- 10 Dec 21
Wishful indie underdogs stage slight return.
The Wrens eked out a twilight career through the 1990s and 2000s as the discerning listener’s secret indie crush. Even as their music swerved from student disco catharsis to bedsit psychedelia, it was bound together by a thread of underdog foreboding. The New Jersey quartet seemed caged by their own vulnerabilities, destined to be the cult artists other cult artists adored. Which made The Wrens special but also doomed them to obscurity.
It probably didn’t help that most of the band very sensibly decided to keep their day jobs, which in the case of brothers Greg and Kevin Whelan involved successful careers in the pharma industry. Inevitably, that led to The Wrens growing apart – to the point where bassist/vocalist Kevin Whelan and singer/guitarist Charles Bissell are reportedly no longer speaking (a dispute over Bissell’s extracurricular work maintaining the group’s social media and website etc having apparently turned sour).
The falling-out scuppered plans for what would have been the first Wrens LP since 2005’s Meadowlands. Kevin Whelan’s solution? To form the side-project, Aeon Station, and invite along guitarist brother Greg and Wrens drummer Jerry MacDonald.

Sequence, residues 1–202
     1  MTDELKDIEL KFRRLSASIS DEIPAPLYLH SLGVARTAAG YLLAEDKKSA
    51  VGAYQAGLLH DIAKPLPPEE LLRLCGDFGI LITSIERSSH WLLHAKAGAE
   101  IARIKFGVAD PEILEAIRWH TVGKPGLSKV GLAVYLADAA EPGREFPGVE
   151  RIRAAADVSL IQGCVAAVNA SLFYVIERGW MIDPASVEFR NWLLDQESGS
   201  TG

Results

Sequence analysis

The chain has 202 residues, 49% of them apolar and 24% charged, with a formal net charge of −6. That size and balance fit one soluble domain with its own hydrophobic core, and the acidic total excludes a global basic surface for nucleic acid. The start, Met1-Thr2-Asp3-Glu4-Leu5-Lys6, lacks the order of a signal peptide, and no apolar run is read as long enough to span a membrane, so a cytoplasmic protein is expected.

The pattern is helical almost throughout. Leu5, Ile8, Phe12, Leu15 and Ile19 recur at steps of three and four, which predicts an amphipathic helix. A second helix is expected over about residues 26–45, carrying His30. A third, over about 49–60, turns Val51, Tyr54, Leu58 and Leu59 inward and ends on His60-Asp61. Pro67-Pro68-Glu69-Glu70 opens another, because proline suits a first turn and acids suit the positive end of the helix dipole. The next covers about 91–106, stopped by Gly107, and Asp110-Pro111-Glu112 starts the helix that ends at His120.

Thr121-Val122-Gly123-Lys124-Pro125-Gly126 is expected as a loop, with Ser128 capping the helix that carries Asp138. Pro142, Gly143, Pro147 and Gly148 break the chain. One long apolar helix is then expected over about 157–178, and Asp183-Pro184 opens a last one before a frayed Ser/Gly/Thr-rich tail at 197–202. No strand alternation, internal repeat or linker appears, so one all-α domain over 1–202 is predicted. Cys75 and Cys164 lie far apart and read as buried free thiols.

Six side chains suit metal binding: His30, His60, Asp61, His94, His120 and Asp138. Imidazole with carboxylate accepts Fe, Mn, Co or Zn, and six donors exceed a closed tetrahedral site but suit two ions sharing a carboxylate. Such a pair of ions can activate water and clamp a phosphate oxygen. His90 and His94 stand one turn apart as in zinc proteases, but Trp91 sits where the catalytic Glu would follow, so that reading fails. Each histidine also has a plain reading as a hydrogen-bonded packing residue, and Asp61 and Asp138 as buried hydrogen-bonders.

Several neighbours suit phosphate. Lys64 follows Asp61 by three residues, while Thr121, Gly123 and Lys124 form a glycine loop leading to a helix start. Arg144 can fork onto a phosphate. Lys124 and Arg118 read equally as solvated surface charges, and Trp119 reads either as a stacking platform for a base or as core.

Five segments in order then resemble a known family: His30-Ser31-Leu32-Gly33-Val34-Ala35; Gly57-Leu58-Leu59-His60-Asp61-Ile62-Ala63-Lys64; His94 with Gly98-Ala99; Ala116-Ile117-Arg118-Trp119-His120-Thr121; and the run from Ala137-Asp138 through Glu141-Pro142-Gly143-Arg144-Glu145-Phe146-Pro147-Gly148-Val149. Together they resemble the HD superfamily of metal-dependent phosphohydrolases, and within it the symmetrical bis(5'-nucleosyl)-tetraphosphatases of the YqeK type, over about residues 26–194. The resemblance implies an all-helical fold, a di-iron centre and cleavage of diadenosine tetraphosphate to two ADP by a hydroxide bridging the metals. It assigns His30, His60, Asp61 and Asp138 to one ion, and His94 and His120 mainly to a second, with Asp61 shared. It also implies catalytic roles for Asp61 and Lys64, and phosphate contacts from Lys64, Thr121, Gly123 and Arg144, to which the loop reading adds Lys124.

Aeon Station thus is very much The Wrens with an asterisk. And for fans who’ve pined for more of the wistful melancholia that was a feature of Meadowlands, Observatory delivers in delightfully morose quantities.
“This life you make… is bound to fade… dreams grow old and waste away,” sings Whelan on the opener ‘Hold On’. Driven by a baroque piano, it has a Jeff Buckley/Thom Yorke power ballad quality. One good gut-punch follows another, with ‘Leaves’ proceeding from a Mercury Rev-style, faux-choral opening to wintry dirge. Tiptoeing through snow-drifts of angst it is, like much of the LP, gorgeous yet very sad.
The Wrens could shriek as well as they could shudder, and there are flashes of front-row abandon on ‘Queens’, fuelled by autumnal riffs and a raging-against-the-gloaming fervour. With ‘Air’, meanwhile, Aeon Station rise from a swell of turmoil towards a liminal place where hope and despair, anger and empathy are entwined. It isn’t quite a Wrens comeback, but it does represent a new chapter for the band and it is thrilling and deeply affecting to witness it take flight.
Observatory is out now via Sub Pop:
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